Leaders from Georgia’s Asian American communities were divided Tuesday after a man accused of a shooting spree at three metro area spas reached a plea deal with prosecutors in Cherokee County.
While some felt justice was served following the decision to give the man, Robert Aaron Long, more than four consecutive life sentences, one Korean-American civic leader called the agreement “a slap in the face” to the region’s Asian population.
“We do not believe justice was achieved at the Cherokee County courtroom,” said Michelle Kang, secretary-general of the Korean American Committee Against Hate Crime. The organization formed in the wake of the March 16 shootings, which left eight people dead, including six Asian women.
Kang said there was “obvious racial discrimination against Asian victims’ families” as the plea deal was being finalized. She said she doesn’t believe the Cherokee County district attorney provided adequate in-language services to them to receive their full input.
Others suggested Asian Georgians may rest a little easier following a tough 18 months that saw a spike in violence against Asian Americans as racist rhetoric surrounding the origins of the coronavirus escalated.
“I think you’re going to get a little bit of comfort in the community. They’re definitely going to think that if something happens to us, there is going to be justice or something will happen,” said state Sen. Sheikh Rahman, D-Lawrenceville. “We as community leaders and as legislators, we came together and did the best we could to amplify and ask for justice.”
Credit: Ben Gray
Credit: Ben Gray
A Cherokee County judge sentenced Long to four consecutive life sentences in prison, plus 35 years without the possibility of parole, on Tuesday for the four lives he admitted to taking when he opened fire in Youngs Asian Massage near Acworth this spring.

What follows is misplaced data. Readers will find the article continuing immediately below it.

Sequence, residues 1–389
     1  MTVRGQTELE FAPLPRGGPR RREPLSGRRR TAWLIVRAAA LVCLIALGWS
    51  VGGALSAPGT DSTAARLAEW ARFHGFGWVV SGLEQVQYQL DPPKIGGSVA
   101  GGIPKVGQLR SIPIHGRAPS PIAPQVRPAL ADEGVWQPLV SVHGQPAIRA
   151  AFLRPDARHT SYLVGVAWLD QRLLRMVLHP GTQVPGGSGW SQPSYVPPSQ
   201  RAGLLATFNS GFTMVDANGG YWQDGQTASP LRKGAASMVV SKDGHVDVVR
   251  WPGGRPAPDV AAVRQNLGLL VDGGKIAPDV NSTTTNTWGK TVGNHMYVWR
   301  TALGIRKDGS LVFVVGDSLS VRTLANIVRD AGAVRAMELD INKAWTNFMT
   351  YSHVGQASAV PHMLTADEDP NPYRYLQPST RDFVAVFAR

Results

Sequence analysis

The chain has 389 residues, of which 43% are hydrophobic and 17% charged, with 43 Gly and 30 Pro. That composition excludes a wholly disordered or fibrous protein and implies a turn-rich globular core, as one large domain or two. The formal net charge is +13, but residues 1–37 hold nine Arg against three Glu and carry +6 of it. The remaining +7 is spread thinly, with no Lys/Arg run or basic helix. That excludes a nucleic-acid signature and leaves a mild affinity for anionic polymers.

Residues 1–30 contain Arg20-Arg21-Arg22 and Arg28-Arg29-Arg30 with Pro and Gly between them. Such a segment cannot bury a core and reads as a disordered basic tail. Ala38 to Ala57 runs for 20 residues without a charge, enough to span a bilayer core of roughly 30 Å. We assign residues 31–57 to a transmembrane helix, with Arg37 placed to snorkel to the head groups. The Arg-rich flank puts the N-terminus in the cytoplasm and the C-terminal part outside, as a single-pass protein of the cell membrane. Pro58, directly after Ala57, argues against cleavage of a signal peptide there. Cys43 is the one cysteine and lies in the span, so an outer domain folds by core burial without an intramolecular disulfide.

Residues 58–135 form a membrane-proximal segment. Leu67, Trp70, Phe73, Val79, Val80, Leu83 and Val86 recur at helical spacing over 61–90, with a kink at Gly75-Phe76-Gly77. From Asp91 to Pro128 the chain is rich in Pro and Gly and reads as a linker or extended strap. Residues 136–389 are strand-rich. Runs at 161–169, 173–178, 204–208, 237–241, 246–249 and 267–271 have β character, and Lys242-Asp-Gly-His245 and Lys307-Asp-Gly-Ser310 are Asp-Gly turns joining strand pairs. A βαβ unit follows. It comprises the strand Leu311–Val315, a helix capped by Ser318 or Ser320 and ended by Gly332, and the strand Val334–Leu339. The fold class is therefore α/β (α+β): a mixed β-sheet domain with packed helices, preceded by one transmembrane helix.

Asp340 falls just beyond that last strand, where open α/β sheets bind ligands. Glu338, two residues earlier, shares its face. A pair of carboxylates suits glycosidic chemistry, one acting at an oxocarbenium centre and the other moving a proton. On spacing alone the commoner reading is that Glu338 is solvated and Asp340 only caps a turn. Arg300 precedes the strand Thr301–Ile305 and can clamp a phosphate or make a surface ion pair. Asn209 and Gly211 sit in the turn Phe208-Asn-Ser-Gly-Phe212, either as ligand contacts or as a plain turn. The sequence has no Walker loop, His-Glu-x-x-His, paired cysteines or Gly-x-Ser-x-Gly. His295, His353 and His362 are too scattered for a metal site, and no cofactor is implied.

The agreement spares him a death sentence, though that possibility remains in Fulton County, where District Attorney Fani Willis said she will seek the death penalty for the 22-year-old defendant’s shootings of four people at spas in that county.
The families of Xiaojie “Emily” Tan, 49, Daoyou Feng, 44, Delaina Yaun, 33, and Paul Michels, 54, were gathered in the Cherokee County courtroom as Long spoke publicly for the first time about the fatal shootings.
While some praised the life sentence as the first step toward healing and accountability in a time of tragedy, others voiced dissatisfaction with the response to what they deem as a hate crime.
“I am heavily disappointed by the absence of hate crime charges by DA Shannon Wallace as the intentions and targets were clear,” biologist and metro Atlanta resident Terianne Wong said in a text message. “Just as all terrorists intend, (Long) caused tremendous pain/trauma to our communities and the victims’ families with his misogynistic violence on American soil.”
Here’s what other leaders said about the plea deal and sentence:
Georgia Sen. Michelle Au: ”On what may be an incredibly difficult day for those affected by the March 16th shootings, I am holding the families and our communities in my thoughts, and hope today’s events bring some measure of peace.“
“What justice looks like in the long term, however, results from not any one decision, but from continued attention, work and commitment to addressing violence and discrimination. And the work we continue to do together is what truly transformative justice looks like.”
U.S. Rep. Carolyn Bourdeaux: ”Nothing can bring back the lives that were lost in the Atlanta spa shootings, but the life sentence is an important first step towards accountability and repairing our community. In addition, I would like to see these crimes fully investigated under the state’s newly enacted hate crimes bill. As violence against our AAPI community continues to rise, it is essential that any racially motivated attacks be treated with the utmost seriousness.”